Breast augmentation is now the most popular plastic surgery in America with over 300,000 procedures being performed each year.
DETROIT, MI, April 12, 2019 /24-7PressRelease/ — The breasts represent a very important part of the woman’s body. They have always been considered a sign of sensuality and are inevitably associated with feminine beauty. Since the first breast implants were invented in 1961, they have been a dream for many women who lack breast volume.
Today, breast augmentation is the most popular plastic surgery in America with over 300,000 procedures being performed each year, nearly double what it was in the year 2000.
Breast Augmentation Surgery involves the placement of an implant behind the breast that improves the volume and size, achieving excellent results and great patient satisfaction.
Who can have a breast augmentation?
The best candidates for breast augmentation are those people who seek to improve the silhouette or volume of their breasts. Keep in mind that this procedure will not necessarily improve your social relationships. To obtain the desired results it is important that you discuss your expectations with your doctor. A breast augmentation can be done along with other body remodeling techniques to improve the silhouette more broadly.
Who can’t have breast implants?
It is not recommended to perform a breast augmentation in women who have an active infection in their body, malignant or premalignant lesions, alterations in blood coagulation or tissue healing, alterations of the immune system or in pregnant women. Any patient with a mental illness under treatment should wait for the stabilization or resolution of the pathology.
How is breast augmentation surgery performed?
The procedure is usually performed under general anesthesia, leaving the patient admitted a few hours after the operation. Normally surgery is performed on an outpatient basis and only occasionally is hospital admission recommended. If this is necessary, it is usually reduced to one night.
The method to introduce the implant will depend on the anatomy of each patient, the type of implant and the surgeon’s technique. The incisions are usually made in the inframammary fold, on the edge of the areola or in the armpit.
The areolar route provides excellent vision and allows the necessary modifications to the gland or “pocket” where the implants are placed, leaving an almost imperceptible scar.
The axillary route is adequate when anterior incisions are not desired or are not possible (for example, a very small areola). From any of the incisions described, a subfascial or submuscular implant can be inserted.
Where can breast implant be placed?
Whatever the route used, the surgeon will create a “pocket”, either behind the pectoral muscle or behind the muscular fascia (fibrous tissue that surrounds the muscle) where the implant will be inserted. It is important to choose the implant to be used taking into account the anatomical characteristics of the patient, their type of work, the hobbies and their wishes regarding the aesthetic result that they pursue.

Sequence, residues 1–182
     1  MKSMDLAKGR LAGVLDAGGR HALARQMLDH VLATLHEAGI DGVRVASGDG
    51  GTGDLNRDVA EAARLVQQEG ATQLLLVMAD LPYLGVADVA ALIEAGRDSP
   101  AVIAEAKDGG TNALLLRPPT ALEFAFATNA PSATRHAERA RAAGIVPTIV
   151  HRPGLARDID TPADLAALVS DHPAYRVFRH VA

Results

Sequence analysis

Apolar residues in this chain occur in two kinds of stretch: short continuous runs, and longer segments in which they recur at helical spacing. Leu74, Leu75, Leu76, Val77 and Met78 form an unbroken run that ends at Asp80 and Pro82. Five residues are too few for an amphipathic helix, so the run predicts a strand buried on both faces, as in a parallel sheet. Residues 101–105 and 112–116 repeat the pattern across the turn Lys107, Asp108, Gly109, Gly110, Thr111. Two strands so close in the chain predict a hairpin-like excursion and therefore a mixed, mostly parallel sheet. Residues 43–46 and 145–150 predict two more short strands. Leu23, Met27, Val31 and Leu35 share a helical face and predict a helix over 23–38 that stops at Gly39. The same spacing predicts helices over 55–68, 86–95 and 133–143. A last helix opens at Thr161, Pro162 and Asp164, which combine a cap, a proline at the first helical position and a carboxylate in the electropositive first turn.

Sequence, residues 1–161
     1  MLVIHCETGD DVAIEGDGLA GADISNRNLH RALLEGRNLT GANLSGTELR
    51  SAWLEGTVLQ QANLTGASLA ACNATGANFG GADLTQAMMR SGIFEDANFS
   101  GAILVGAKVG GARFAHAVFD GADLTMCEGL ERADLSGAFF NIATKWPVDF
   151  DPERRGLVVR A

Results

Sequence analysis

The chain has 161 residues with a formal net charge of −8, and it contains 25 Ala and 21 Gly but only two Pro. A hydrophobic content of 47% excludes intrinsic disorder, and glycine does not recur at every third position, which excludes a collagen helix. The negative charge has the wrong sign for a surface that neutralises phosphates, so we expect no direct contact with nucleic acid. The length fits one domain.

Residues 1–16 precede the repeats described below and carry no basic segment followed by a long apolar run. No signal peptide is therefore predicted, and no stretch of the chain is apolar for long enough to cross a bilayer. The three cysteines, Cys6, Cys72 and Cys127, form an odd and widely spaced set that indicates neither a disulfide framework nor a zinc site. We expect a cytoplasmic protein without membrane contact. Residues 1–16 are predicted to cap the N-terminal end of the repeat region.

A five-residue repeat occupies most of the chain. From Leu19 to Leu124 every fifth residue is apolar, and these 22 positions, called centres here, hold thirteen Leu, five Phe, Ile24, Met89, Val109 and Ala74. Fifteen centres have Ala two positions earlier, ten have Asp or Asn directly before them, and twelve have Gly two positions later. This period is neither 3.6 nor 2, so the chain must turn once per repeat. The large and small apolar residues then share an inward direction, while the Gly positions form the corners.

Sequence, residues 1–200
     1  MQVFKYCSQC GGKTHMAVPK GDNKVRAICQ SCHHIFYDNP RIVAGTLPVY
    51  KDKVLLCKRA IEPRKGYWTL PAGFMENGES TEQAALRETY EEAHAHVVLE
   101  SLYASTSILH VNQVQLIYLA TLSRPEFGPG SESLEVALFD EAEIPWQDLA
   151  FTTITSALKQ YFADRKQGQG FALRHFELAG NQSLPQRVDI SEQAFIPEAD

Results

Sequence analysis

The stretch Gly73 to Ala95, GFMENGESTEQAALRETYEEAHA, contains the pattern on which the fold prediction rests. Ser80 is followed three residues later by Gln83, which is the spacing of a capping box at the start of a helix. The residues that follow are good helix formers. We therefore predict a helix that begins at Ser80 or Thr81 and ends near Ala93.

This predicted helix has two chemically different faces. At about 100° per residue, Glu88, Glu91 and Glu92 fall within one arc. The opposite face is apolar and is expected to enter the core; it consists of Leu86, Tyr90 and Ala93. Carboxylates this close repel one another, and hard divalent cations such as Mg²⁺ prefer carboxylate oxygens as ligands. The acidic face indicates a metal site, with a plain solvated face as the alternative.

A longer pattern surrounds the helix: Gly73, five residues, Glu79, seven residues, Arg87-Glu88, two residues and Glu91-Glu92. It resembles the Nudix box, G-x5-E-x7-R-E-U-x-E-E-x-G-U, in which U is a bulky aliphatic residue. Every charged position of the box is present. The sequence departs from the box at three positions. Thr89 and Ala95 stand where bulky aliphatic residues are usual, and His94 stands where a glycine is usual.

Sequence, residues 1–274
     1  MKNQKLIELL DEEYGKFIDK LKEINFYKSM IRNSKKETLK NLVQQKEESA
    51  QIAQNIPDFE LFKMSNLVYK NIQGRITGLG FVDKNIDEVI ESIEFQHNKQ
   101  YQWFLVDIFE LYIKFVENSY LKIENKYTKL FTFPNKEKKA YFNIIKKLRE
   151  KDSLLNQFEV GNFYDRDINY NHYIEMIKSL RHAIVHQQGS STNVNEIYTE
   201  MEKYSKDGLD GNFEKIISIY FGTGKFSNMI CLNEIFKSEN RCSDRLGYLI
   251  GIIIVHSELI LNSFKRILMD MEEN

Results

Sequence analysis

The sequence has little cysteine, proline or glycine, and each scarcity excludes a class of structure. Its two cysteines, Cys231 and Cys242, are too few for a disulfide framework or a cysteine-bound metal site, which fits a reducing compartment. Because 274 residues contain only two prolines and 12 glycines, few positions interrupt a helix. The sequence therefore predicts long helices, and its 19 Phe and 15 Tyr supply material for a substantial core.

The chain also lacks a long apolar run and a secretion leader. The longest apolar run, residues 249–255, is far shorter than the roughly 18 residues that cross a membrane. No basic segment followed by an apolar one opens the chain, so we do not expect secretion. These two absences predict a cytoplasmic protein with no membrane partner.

To determine the size and shape of the breast implants, the breast and chest of the patient should be carefully measured in the preoperative study, as well as the size and height of the areoles and the relation of the gland to the muscle. It is also essential to measure the thickness of the skin and fat coverage in the upper part of the breast and in the area of the groove (pinch test). In this way, the most natural results are achieved.
Under or over the muscle?
The submuscular position is usually the most appropriate when there is space in the upper chest and when safety is desired in the coverage of the implant. The subfascial position is more suitable for tuberous breasts or with a constriction in the lower part of the breasts as well as for slightly drooping breasts.
The main disadvantage of submuscular localization is that the implants will move with the contraction of the pectoral muscle. Likewise, patients who perform very intense physical exercise should not receive a submuscular implant.
The patient should be aware that increasing the breast in excess (above a C cup) is not usually indicated and is not advisable in most patients with standard body dimensions. Exaggerated increases are unnatural and deteriorate the breasts more quickly, forcing in many cases their withdrawal and increasing the number and size of scars to reshape the breast. For patients with standard body dimensions and who possess a minimum glandular size, an increase with implants greater than 350 cc is not usually indicated.
Once the operation is finished, the surgeon will place a very light bandage and a bra and/or a chest strap. After a reasonable time (usually hours) the patient can leave the hospital and return to their home to complete the recovery process.
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